expected mid-afternoon,
caught an early train,pushes
open the door

and so we leave for San Antonio,
knowing we will fight strong north winds
all the way

the temperature  dropping near
40 degrees by the time
we get there...

First from my library this week is this poem by Countee Cullen, from the anthology African American Poets, 1773-1927. The book was published 1997 by Dover Publications.

Cullen was born in 1903 and died in 1946, and was a leading figure of the Harlem Renaissance. Educated at New York University and Harvard, he taught French in New York City. He won several  awards for his poetry, which appeared in major national periodicals and five or his own collections.

From the Dark Tower

We shall not always plant while others reap
the golden increment of bursting fruit,
Not always countenance, abject and mute,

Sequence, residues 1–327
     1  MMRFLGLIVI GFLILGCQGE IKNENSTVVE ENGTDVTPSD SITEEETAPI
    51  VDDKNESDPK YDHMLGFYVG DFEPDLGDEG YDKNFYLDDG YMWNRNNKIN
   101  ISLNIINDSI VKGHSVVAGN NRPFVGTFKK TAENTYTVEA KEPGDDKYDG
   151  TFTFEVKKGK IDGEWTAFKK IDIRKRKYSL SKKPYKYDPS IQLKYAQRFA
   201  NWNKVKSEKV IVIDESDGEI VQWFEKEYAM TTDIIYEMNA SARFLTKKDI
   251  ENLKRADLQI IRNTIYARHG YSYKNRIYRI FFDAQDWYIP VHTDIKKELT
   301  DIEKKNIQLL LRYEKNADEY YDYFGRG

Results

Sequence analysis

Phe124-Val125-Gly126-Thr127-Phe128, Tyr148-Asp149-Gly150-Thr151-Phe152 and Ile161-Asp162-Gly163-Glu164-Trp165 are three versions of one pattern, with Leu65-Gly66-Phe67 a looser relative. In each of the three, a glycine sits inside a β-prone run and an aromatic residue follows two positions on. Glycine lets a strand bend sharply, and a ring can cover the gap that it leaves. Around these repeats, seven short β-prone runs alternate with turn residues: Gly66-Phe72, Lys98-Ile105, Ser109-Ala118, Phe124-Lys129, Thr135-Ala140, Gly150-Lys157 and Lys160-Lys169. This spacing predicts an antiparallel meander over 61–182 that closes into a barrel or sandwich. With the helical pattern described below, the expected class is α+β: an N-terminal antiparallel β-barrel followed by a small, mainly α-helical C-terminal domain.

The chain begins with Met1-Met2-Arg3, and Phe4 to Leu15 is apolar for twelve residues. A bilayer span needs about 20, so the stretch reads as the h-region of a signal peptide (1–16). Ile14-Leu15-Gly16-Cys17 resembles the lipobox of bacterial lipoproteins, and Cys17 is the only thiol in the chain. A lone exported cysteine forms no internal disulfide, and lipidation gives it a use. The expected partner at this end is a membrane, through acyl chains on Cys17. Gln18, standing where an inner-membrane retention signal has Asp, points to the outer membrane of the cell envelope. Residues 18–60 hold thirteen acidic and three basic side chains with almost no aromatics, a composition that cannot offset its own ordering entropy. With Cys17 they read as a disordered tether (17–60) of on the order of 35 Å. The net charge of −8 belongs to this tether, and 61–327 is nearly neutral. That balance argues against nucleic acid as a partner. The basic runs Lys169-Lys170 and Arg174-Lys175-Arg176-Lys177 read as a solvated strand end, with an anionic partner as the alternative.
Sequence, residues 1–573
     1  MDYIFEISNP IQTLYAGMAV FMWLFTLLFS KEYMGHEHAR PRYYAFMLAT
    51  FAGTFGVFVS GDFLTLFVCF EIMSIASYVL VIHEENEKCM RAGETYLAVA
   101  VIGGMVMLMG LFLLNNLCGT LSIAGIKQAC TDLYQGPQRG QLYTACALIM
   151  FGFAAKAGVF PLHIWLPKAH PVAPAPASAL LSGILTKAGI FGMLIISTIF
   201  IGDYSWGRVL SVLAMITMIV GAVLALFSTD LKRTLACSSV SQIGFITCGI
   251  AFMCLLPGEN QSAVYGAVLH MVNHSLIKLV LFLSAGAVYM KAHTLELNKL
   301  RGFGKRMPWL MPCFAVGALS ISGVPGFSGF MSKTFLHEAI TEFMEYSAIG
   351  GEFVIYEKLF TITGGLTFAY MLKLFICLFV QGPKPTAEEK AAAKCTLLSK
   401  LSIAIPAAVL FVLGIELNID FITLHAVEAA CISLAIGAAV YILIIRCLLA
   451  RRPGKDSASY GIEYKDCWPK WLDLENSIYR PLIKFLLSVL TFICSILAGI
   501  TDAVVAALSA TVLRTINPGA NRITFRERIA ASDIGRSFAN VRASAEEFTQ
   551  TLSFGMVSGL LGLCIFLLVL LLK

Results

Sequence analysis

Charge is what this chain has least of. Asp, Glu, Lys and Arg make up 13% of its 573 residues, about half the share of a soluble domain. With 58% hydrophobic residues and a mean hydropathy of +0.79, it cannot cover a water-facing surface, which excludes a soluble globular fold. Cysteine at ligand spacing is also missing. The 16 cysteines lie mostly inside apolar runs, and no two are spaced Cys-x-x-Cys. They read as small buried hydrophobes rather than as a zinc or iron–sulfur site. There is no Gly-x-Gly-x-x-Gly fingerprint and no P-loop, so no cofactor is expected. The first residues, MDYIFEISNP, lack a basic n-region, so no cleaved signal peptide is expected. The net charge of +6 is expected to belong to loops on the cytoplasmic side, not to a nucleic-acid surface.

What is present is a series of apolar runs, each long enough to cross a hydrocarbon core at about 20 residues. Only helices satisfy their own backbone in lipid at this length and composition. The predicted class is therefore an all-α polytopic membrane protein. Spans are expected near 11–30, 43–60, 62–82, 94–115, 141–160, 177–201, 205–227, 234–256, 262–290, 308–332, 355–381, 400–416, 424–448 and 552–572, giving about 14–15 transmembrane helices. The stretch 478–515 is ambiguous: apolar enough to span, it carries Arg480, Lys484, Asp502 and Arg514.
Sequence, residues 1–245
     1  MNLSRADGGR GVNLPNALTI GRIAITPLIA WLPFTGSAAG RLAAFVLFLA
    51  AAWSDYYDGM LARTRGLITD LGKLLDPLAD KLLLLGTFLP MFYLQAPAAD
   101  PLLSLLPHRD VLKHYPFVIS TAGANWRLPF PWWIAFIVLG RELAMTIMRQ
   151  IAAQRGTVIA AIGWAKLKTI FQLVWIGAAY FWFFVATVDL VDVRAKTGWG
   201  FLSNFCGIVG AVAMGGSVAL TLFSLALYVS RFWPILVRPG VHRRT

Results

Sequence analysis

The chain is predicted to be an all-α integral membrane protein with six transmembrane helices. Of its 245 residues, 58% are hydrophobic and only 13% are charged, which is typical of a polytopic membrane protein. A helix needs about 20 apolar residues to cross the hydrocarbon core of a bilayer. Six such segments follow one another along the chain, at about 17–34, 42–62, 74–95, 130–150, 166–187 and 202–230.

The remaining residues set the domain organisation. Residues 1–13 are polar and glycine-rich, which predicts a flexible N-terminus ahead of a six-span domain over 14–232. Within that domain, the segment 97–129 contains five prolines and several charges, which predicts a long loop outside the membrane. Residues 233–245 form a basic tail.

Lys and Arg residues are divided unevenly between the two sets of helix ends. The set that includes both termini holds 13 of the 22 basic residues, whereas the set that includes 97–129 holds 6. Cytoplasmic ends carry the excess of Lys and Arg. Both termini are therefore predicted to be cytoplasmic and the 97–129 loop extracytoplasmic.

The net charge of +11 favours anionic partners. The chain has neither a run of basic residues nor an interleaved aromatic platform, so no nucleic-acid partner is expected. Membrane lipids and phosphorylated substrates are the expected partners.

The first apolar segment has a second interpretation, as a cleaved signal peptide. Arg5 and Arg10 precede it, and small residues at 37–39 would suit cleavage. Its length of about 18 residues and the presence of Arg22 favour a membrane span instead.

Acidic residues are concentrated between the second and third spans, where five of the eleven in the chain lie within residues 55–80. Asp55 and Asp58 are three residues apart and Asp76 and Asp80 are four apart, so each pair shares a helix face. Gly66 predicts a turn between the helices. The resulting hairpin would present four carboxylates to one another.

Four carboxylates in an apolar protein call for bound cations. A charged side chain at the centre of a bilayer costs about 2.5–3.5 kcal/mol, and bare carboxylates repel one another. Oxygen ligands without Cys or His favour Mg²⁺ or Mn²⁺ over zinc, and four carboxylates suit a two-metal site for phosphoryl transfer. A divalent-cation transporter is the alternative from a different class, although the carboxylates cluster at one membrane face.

That lesser men should hold their brothers cheap;
Not everlastingly while others sleep
Shall we beguile their limbs with mellow flute,
Not always bend to some more subtle brute;
We were not made eternally to weep.

The whose sable breast relieves the stark,
White stars is no less lovely being dark,
And there are buds that cannot bloom at all
In light, but crumple, piteous, and fall'
Who in the dark we hide the heart that bleeds,
And wait, and tend our agonizing seeds.

 Here, the first  of my contrarian poems from July, last year.

what we found in Grandma's attic

boxes of memories,
trinkets and seashell treasures
from county fairs
and rodeos
and neighborhood garage sales...

a straw hat,
a guitar with three broken strings
and two missing frets,
a cane pole with lead sinkers
and a red and white bobber, a catcher's mitt
and a wooden bat, a
tiny ring inscribed
"Baby Charles"
and none of us know who
Baby Charles is or was, a train ticket,
Laredo to Del Rio,
never used,
a sun bonnet, yellow
with purple flowers,
a collection of Comanche arrowheads,
old maps
with lines drawn in dark, soft pencil led,
tracing country
roads long since abandoned,
rebuilt for faster, sleeker cars
than ever drove there before, an
old wallet with two five dollar bills
tucked away in a secret pocket,
a bundle of letters
in a fine, feminine hand -
we read the first